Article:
Mosquitoes, Ticks, and Black Flies–Oh my!


Mosquitoes, Ticks, and Black Flies–Oh my!

It’s a tired old joke. The State Bird of Minnesota is the mosquito. But on the Gunflint Trail, we like to say that the mosquitoes keep the cowards away.

There are hundreds, if not thousands, of different kinds of insects to bug you on your adventure in the Boundary Waters. Let’s look at just a few.


The Arrowhead region of Minnesota is known for its high population of blood-sucking skeeters.

It’s interesting to note there are more than 50 different mosquito species in Minnesota. They will be most active in the early morning and evening and quite bad in wooded areas or near-standing water. 

According to the Minnesota Department of Health, mosquitoes carry, among other viruses, La Crosse, Western equine, and West Nile encephalitis. Although the odds of you contracting one of these viruses are relatively low, you should take precautions when in the wilderness–if only to stop them from driving you crazy.

Using insect repellent, wearing long-sleeved shirts and pants, and avoiding being outdoors during peak mosquito activity times is important.

On your drive up the trail, and anytime the skeeters get overwhelming, take a listen to The Mosquito Song

Mosquito season is preceded in the Arrowhead region by the Black Fly or biting gnat.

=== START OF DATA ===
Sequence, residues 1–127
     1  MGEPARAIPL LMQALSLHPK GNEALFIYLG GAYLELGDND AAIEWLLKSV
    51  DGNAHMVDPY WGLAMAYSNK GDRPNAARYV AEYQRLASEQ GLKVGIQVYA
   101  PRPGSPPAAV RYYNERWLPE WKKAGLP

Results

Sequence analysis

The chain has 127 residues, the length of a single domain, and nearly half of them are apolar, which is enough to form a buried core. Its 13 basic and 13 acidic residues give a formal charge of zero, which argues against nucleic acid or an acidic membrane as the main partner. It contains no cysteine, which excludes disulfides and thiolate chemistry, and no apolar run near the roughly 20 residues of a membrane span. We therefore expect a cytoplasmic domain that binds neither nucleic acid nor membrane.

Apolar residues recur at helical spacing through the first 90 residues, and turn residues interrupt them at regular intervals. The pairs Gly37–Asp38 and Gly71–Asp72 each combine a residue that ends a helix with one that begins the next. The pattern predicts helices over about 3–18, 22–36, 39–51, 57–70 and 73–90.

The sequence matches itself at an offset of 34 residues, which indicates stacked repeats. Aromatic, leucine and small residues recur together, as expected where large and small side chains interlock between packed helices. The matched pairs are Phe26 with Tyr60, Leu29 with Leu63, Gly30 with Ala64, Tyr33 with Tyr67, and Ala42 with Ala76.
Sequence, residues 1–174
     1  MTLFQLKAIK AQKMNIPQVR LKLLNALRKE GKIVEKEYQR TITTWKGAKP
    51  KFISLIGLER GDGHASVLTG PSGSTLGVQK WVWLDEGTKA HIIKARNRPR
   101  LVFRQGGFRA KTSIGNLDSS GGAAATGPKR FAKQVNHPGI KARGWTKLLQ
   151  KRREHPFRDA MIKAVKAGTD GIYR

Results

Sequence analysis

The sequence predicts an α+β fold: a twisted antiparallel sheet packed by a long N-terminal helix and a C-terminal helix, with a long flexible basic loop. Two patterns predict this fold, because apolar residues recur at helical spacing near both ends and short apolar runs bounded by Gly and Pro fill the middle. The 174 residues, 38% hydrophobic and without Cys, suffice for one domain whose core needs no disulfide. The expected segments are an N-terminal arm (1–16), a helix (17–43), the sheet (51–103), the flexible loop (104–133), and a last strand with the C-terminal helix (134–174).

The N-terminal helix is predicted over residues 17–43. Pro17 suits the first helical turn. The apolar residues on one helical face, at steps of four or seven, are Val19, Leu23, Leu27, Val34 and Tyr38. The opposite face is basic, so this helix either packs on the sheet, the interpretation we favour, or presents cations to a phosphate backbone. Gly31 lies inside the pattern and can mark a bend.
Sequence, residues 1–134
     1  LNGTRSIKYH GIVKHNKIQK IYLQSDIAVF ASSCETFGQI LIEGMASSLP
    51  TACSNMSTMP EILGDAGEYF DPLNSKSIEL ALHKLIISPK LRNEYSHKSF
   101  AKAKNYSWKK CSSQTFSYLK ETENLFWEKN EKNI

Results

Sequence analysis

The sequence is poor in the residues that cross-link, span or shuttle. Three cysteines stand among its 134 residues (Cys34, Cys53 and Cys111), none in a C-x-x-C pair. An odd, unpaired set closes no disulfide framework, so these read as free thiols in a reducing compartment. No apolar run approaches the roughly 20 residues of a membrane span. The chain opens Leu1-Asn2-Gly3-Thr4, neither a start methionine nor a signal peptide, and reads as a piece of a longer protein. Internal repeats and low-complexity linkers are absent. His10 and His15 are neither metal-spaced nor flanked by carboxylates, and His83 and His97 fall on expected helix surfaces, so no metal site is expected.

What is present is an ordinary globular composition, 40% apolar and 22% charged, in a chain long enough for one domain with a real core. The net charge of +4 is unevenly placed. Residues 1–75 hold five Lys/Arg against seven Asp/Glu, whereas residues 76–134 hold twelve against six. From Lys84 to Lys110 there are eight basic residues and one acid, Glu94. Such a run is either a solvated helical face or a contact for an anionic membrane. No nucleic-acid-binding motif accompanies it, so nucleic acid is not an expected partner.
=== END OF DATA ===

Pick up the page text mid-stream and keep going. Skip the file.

Black flies do not transmit diseases to humans, but they do bite. They use their blade-like mouthparts to slash skin and feed on blood. 

Their bite can be painful and itchy, but they are not harmful. Reactions range from small red spots to obvious irritation and swelling. Bites tend to concentrate on exposed skin.

As with mosquitoes, wear long sleeve shirts and pants, and even a face-protecting net, to make being outdoors tolerable.

Ticks–Wood and Deer

Minnesota is home to about a dozen different kinds of ticks. The two you are most likely to meet with here are the American Dog Tick (Wood tick) and the Black Legged Tick (Deer tick). Neither one can fly, but they manage to jump to you when you rub up against their habitat.

The Wood tick bites but rarely spreads disease. 

The Deer Tick is about one-third the size of its Wood tick cousin. It also bites, and It is a potential carrier of Lyme Disease.

The Minnesota DNR offers some great advice on tick prevention:

Check and re-check yourself for ticks when you are in tick-infested areas.

1. When in deer tick habitat, walk in the trail’s center to avoid picking up ticks from grass and brush.

2. Wear light colored clothing so ticks will be more visible.

3. Wear long pants, socks, tick gaiters, and appropriate footwear like closed-toe shoes or boots.

4. Create a barrier to ticks by tucking pants into socks or boots and tucking long-sleeved shirts into pants.

5. Use a repellent containing DEET or permethrin, and carefully follow the directions on the container.

6. After being outdoors in the tick habitat, get out of your clothes immediately, do a complete body check, shower, and vigorously towel dry. Wash your clothes immediately so as not to spread ticks around your living area. (Okay, not such great advice when you’re camping)

7. Pets should also be checked for ticks.

The bug season is worse in Spring, improving throughout the summer. And in the fall, you’ll hardly notice them. 

And as some wag once pointed out, up here, you will encounter no tarantulas, no poisonous snakes, no alligators, no sharks, and no manta rays.